Example from N1601 Fortran 2003 final draft invalid?

There is an example in N1601 final draft of F2003 (Annex C.1.7 Generic type-bound procedures, page 445) showing ‘rational_numbers’ module. Oddly, it does not seem to be valid F2003 code, as it contains PROCEDURE statements with more than one procedure name, as in
PROCEDURE,PRIVATE :: rat_asgn_i, rat_plus_rat, rat_plus_i
Lists were allowed here only in F2008.
Worse enough, compilation with gfortran 9/10 fails (even if F2008 features are allowed) saying

Error: INTENT(OUT) argument ‘a’ of pure procedure ‘rat_asgn_i’ at (1) may not be polymorphic


Fortran 2003 permitted an INTENT(OUT) argument of a pure subroutine to be polymorphic; that is not permitted by this part of ISO/IEC 1539.

So, in principle, one should be able to compile this snippet in strict F2003 if there were not the procedure lists (above). That’s not the case with GNU Fortran, as it reports the latter problem as an error even with ‘-std=f2003’ option. The only way to get rid of it is to remove ELEMENTAL attribute from that subroutine which is bad idea from the point of view of the module use.
Apart from the problems with that particular example/compiler. Is it at all possible to write elemental subroutine for assignment to a derived type entity? AFAIK Fortran requires (who-knows-why) the argument being polymorphic (CLASS) and now it forbids it to have INTENT(OUT) atribute. Sort of Paragraph 22 to me.
PS. Excuse my newbiesness if the post gets poorly formatted. I couldn’t find any hints on how to include code into the posts. Nor can I see any PREVIEW button here.
regards, Michal

1 Like

Select the region of code and click the </> button. Welcome to the group.

@msz59 ,

Welcome to this forum.

Your issues with example code toward type-bound procedures in N1601 are valid. Some problem or other persists through the next 2 revisions of the standard, Fortran 2008 and 2018. While errors in the latest revision can be addressed possibly through corrigenda, the prior versions are effectively viewed as “frozen”.

Re: your question on “Is it at all possible to write elemental subroutine for assignment to a derived type entity?”, an option is INTENT(INOUT) for the passed-object dummy argument. Here’s a somewhat easier-to-read revised example of the one in the Appendix of the Fortran draft that you can review to see what the language supports:

module rational_numbers

   implicit none


   type, public :: rational
      integer :: n = 0
      integer :: d = 0
      ! ordinary type-bound procedure
      procedure :: real => rat_to_real
      ! specific type-bound procedures for generic support
      procedure :: rat_asgn_i, rat_plus_i
      procedure :: rat_plus_rat => rat_plus
      procedure, pass(b) :: i_plus_rat
      ! generic type-bound procedures
      generic, public :: assignment(=) => rat_asgn_i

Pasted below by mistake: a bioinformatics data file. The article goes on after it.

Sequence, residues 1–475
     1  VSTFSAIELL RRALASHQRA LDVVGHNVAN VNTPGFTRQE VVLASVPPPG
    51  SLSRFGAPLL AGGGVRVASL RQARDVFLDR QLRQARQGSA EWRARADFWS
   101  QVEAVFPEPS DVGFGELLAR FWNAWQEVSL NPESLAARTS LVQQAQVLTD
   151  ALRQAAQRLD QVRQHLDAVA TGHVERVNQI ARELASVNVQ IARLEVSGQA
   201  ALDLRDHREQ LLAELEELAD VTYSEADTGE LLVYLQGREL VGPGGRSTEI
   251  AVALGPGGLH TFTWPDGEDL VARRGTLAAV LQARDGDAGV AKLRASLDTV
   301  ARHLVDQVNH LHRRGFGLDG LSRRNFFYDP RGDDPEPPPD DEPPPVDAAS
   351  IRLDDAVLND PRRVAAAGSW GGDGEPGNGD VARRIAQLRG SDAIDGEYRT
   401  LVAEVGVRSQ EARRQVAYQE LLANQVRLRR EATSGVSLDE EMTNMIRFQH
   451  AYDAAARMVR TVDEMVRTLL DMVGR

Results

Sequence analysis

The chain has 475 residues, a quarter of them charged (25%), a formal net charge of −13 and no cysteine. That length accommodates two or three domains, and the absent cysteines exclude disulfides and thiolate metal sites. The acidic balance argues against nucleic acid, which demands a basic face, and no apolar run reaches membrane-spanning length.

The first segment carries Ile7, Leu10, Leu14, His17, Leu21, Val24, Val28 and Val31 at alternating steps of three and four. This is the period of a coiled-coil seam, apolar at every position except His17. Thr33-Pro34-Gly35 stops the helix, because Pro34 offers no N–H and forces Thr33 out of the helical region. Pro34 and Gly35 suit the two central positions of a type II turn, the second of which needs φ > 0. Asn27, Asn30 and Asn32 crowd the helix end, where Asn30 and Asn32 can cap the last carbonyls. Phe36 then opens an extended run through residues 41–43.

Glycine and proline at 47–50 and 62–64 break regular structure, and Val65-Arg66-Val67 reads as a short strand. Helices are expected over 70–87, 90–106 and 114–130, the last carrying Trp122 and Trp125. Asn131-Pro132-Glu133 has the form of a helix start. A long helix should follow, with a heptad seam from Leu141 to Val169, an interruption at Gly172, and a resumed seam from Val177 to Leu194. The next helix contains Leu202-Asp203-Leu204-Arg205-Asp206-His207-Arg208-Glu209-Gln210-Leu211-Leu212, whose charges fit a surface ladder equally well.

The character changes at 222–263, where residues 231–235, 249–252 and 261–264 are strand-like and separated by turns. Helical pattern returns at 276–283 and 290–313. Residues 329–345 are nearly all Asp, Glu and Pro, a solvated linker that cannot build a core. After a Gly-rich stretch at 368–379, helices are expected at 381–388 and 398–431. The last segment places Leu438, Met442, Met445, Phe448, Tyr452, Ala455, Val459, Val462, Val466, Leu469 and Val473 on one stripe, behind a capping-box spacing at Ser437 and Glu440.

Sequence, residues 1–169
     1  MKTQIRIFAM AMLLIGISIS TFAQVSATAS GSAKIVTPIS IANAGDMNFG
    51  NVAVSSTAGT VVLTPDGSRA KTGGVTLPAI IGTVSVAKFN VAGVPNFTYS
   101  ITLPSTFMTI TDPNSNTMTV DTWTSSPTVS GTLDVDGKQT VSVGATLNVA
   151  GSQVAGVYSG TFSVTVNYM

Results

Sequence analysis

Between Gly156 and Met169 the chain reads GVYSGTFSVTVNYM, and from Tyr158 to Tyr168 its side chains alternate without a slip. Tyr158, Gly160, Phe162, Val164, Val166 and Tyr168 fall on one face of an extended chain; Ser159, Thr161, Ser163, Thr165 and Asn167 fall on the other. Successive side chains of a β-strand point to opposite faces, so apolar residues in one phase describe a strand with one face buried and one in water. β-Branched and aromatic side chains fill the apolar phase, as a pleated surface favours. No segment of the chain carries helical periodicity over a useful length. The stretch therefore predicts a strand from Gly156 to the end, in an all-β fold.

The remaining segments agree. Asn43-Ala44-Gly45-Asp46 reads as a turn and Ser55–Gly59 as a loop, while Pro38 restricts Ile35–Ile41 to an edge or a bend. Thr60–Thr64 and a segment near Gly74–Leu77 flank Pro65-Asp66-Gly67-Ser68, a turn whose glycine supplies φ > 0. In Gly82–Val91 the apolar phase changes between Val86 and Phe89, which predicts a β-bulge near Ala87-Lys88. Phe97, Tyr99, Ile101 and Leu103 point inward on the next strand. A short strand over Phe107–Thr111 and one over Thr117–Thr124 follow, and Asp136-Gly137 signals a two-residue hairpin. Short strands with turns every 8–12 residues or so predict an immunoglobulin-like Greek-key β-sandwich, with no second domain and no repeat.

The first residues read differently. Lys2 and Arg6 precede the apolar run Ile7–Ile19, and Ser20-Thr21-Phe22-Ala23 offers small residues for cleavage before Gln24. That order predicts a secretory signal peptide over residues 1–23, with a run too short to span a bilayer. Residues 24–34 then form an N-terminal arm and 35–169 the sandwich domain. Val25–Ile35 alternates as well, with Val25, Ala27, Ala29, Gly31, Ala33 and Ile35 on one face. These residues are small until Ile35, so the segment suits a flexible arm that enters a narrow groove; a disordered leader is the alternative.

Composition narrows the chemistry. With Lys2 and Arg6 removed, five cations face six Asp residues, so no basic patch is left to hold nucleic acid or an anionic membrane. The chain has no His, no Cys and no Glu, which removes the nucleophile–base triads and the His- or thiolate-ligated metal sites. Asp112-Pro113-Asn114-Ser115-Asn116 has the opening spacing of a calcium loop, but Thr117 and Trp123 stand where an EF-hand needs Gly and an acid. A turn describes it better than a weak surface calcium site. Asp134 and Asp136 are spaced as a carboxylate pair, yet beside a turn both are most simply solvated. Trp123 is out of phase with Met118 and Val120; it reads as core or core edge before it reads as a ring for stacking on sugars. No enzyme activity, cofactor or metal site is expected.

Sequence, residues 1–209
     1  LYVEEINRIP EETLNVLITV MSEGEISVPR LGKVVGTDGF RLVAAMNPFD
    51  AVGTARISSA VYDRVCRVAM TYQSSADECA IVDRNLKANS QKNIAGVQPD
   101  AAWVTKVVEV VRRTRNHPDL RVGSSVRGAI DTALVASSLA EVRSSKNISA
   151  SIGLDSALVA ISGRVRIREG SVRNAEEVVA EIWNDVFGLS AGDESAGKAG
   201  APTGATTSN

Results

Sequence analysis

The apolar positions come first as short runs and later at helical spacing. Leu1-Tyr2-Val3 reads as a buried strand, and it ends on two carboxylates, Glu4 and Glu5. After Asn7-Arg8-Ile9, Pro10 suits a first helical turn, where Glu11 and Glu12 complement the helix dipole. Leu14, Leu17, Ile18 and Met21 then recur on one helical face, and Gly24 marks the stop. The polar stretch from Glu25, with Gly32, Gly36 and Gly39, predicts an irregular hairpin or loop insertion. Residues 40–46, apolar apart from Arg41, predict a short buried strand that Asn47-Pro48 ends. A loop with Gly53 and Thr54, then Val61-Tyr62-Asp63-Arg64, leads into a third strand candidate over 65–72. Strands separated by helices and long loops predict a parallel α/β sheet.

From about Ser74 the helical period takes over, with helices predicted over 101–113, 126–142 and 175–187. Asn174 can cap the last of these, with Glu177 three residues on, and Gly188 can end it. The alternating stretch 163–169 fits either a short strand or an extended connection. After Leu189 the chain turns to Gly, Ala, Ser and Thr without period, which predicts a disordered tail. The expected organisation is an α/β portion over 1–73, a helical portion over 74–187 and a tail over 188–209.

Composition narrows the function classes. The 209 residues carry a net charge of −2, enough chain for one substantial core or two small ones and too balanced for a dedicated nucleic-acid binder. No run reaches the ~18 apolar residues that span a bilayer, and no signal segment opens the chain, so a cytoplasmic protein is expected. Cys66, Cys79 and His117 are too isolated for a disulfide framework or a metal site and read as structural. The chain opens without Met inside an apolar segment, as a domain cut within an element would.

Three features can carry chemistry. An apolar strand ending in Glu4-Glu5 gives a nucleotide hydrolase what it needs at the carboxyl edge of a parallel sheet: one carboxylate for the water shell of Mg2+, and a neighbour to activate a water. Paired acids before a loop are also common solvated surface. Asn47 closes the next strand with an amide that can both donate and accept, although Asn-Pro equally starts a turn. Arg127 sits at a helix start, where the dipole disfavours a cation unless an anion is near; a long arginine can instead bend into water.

generic, public :: operator(+) => rat_plus_rat, rat_plus_i, i_plus_rat
   end type


   elemental real function rat_to_real(this) result(r)
      class(rational),intent(in) :: this
      r = real(this%n)/this%d
   end function

   elemental subroutine rat_asgn_i(a,b)
      class(rational),intent(inout) :: a
      integer,intent(in) :: b
      a%n = b
      a%d = 1
   end subroutine

   elemental type(rational) function rat_plus_i(a,b) result(r)
      class(rational),intent(in) :: a
      integer,intent(in) :: b
      r%n = a%n + b*a%d
      r%d = a%d
   end function

   elemental type(rational) function i_plus_rat(a,b) result(r)
      integer,intent(in) :: a
      class(rational),intent(in) :: b
      r%n = b%n + a*b%d
      r%d = b%d
   end function

   elemental type(rational) function rat_plus(a,b) result(r)
      class(rational),intent(in) :: a,b
      r%n = a%n*b%d + b%n*a%d
      r%d = a%d * b%d
   end function

end module rational_numbers

Thanks for the response. INTENT(INOUT) - that simple :wink: ! I blindly assumed that the restriction regards the modifiability of the dummy parameter and so that OUT or INOUT are equally banned. Still I find the solution as a trick which is hardly explicable in terms of what the INTENT attribute should mean. I can see no IN-ness for a dummy parameter which represents the LHS of a Fortran assignment statement. Were it some kind of .INCR. user-defined operator like ++ or += in C, it would be a different story. But surely, I have rather shallow understanding of the polyphorphism in Fortran, so I might be wrong.

Starting with the example in your modified form, I tried to play a bit more with type-bound stuff that is really a new thing to me. The line
procedure :: real => rat_to_real
looks like an invitation to overload the intrinsic REAL() function, so I tried to do it like

procedure ::  rat_to_real
generic, public :: real => rat_to_real

to no success. I was only able to obtain that in F90/95 way, removing rat_to_real declaration from the type definition and private line from the very beginning of the module and adding an interface outside the type definition

   interface real
     module procedure rat_to_real
   end interface real

I still wonder whether there is a way to do it properly using type-bound procedure/generic.

In F18 (the current, and only non-deleted standard) the example is in C.2.3. In the margin of my paper F03 copy, I have a note that the PROCEDURE statement is not correct for F03. However, you should be concerned about conformance to F18. The F18 standard does. indeed. disallow INTENT(OUT) and polymorphic: “An INTENT (OUT) dummy argument of a pure procedure shall not be polymorphic or have a polymorphic allocatable ultimate component.” A key feature if INTENT(OUT) is that it causes the dummy to become undefined on entry. If that is not important, INTENT(INOUT) is a viable alternative.